Latest Women's Health News

6Feb
2023

MRI Might Boost Cancer Detection for Women With Dense Breasts

MRI Might Boost Cancer Detection for Women With Dense BreastsMONDAY, Feb. 6, 2023 (HealthDay News) -- Nearly half of women have dense breast tissue, which can be a double whammy on their odds for breast cancer.Not only are dense breasts a risk factor for cancer, but this glandular and fibrous connective tissue make it harder to detect cancers on a mammogram, the usual method for breast cancer screening.New research looked at other kinds of imaging to see which might be more effective for the 47% of women who have dense breasts with low levels of fatty tissue.One emerged as an effective alternative: Breast MRI was superior to other methods, using that detection criteria.Researchers also looked at hand-held breast ultrasound, automated breast ultrasound and digital breast tomosynthesis.All showed about the same level of effectiveness, said study...

Not Just Brushing: 10 Ways to Start Caring for Baby Teeth

4 February 2023
Not Just Brushing: 10 Ways to Start Caring for Baby TeethSATURDAY, Feb. 4, 2023 (HealthDay News) -- Even the tiniest teeth can decay, which is why it’s important to take care of them.The American Academy of Pediatrics (AAP) offers some tips for caring for those little teeth, starting before the first one even arrives."There are habits you can start now to keep your baby's teeth healthy,” Dr. David Krol said in an academy news release. "And when that first tooth shows up, there are ways your pediatrician can keep it healthy, too."Even before your baby cuts his or her first tooth, start with a routine that includes wiping gums with a clean, damp washcloth or gauze pad after each feeding, the AAP suggests.Never put your baby to bed with a bottle or give your baby a bottle filled with a sweet drink. Don't dip your baby's pacifier in anything...

TikTok Videos on Abortion Pills Are Largely Accurate: Study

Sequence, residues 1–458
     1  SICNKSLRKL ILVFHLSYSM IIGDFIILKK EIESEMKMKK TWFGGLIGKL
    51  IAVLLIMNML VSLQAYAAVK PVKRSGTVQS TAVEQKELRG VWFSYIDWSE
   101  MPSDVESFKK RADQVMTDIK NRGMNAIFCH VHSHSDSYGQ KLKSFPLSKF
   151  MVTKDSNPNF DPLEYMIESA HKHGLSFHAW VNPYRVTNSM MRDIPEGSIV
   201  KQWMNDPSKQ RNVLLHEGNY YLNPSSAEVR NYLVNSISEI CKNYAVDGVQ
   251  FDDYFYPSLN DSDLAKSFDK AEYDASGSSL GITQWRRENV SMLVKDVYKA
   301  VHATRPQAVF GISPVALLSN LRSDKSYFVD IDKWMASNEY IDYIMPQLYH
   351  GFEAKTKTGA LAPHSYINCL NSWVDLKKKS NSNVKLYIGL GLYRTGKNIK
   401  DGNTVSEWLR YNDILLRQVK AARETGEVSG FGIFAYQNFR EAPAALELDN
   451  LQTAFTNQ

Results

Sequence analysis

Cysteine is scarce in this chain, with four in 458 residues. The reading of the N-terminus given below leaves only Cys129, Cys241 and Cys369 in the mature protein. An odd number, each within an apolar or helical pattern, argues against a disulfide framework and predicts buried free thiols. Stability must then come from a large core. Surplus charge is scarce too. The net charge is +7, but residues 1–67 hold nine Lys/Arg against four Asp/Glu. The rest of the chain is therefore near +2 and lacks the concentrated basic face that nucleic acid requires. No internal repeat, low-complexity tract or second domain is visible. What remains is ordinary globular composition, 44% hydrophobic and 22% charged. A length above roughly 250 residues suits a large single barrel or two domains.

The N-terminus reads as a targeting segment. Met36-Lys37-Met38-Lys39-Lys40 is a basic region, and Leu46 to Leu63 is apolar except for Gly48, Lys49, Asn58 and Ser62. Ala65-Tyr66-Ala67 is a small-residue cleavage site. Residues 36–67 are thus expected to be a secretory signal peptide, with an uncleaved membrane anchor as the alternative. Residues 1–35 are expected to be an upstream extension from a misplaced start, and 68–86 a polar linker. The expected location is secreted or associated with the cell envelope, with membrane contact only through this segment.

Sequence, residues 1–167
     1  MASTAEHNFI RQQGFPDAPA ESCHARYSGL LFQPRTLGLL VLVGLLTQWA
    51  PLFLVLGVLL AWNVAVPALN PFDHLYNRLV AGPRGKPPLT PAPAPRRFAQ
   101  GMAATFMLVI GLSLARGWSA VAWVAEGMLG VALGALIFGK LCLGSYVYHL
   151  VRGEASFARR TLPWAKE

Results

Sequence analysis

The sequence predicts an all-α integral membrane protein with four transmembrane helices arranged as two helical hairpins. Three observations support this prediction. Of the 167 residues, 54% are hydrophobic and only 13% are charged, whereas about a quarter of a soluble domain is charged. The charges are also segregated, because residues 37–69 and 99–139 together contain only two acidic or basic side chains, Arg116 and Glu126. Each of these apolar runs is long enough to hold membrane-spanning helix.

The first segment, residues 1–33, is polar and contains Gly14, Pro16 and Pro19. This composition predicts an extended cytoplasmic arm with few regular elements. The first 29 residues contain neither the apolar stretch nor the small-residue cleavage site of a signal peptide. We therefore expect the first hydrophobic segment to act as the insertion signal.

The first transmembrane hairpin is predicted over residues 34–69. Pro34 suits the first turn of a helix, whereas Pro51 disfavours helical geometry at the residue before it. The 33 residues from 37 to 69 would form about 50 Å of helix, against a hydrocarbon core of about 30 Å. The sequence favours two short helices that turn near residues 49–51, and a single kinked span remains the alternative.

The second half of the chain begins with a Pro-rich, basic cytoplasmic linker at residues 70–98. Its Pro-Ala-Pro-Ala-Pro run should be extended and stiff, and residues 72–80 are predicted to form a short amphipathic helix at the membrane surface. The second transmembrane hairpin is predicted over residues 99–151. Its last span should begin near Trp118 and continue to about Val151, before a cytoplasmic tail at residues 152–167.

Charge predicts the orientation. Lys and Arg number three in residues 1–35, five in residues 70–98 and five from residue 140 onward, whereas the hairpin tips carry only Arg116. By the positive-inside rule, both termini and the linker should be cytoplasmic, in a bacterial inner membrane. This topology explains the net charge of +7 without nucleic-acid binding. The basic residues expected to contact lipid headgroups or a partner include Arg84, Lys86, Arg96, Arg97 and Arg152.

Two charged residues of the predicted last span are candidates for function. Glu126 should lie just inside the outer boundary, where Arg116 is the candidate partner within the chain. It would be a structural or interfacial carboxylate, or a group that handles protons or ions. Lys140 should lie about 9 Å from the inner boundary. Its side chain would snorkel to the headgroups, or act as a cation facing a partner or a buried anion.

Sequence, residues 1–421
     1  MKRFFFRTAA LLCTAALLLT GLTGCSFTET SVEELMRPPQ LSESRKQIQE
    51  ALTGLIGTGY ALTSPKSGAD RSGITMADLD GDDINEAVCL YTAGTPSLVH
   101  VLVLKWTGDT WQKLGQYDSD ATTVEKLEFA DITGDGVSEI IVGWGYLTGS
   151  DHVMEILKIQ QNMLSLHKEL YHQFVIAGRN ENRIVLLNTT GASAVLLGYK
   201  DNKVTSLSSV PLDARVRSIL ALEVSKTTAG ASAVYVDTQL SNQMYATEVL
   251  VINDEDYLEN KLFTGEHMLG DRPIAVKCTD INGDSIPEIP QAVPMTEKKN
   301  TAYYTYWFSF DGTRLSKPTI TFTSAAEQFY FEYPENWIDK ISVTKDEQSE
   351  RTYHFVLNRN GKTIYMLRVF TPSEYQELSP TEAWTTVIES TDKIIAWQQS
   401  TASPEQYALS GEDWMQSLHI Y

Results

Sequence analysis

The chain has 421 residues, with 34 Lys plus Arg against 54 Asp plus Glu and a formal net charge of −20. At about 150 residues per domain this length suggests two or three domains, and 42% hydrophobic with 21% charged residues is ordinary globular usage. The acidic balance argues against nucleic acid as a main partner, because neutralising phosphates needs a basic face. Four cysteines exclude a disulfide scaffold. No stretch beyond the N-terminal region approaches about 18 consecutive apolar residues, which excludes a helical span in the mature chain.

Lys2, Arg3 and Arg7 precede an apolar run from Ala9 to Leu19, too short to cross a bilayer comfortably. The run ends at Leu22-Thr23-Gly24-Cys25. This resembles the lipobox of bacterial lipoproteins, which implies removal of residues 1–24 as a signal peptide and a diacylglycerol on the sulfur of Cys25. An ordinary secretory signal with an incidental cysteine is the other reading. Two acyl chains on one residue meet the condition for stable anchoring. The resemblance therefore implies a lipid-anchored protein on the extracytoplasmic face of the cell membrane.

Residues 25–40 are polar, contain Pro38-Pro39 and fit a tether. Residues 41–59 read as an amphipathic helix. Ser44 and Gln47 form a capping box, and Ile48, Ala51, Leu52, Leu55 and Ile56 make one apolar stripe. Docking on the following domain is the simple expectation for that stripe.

3 February 2023
TikTok Videos on Abortion Pills Are Largely Accurate: StudyFRIDAY, Feb. 3, 2023 (HealthDay News) -- While you can't trust everything you read or see on social media, some information is reliable.Researchers from Duke University studied popular videos on the social media site TikTok. The videos offered information on ways to obtain a medication abortion.These were typically informative and useful, the study authors said.“When we started the study, we expected to find more videos with misinformation,” said Dr. Jenny Wu, a resident in obstetrics and gynecology at Duke in Durham, N.C. “After looking at the data, we were surprised by how accurate the videos were. A significant number of videos were created by health care professionals and organizations providing abortion. TikTok says it has internal policies for blocking inaccurate...

Pregnant Women in Rural America Often Lack Health...

3 February 2023
Pregnant Women in Rural America Often Lack Health Insurance, Upping RisksFRIDAY, Feb. 3, 2023 (HealthDay News) -- New research suggests that pregnant women and new moms in rural U.S. areas are at greater risk of adverse outcomes, including death, because they are more likely to be uninsured.Women living in rural communities had lower rates of uninterrupted health insurance before, during and after pregnancy compared to those in urban areas, a University of Michigan study found.“Being uninsured during the time of pregnancy has been associated with less adequate prenatal and postpartum care, which decreases opportunities to address risk factors affecting health outcomes for both the birthing person and baby,” said lead author Dr. Lindsay Admon. She's an assistant professor of obstetrics and gynecology at the University of Michigan Medical School."Our...

Obamacare Helped Women in Some Southern States Get Better Breast Cancer Care

3 February 2023
Obamacare Helped Women in Some Southern States Get Better Breast Cancer CareFRIDAY, Feb. 3, 2023 (HealthDay News) -- The Affordable Care Act's expansion of Medicaid makes it more likely that a woman will be diagnosed with breast cancer earlier rather than at an advanced, harder-to-treat stage, new research suggests.Not all U.S. states expanded Medicaid coverage after the Affordable Care Act (also known as Obamacare) made it possible in 2010. That's because the Supreme Court made it optional for states to do so in 2012.In the new study, researchers compared Southern states that did and didn’t expand Medicaid coverage, and they found striking differences in breast cancer care. Their findings were published Feb. 1 in the Journal of the American College of Surgeons.Researchers were inspired to make this comparison between neighboring states in part because...
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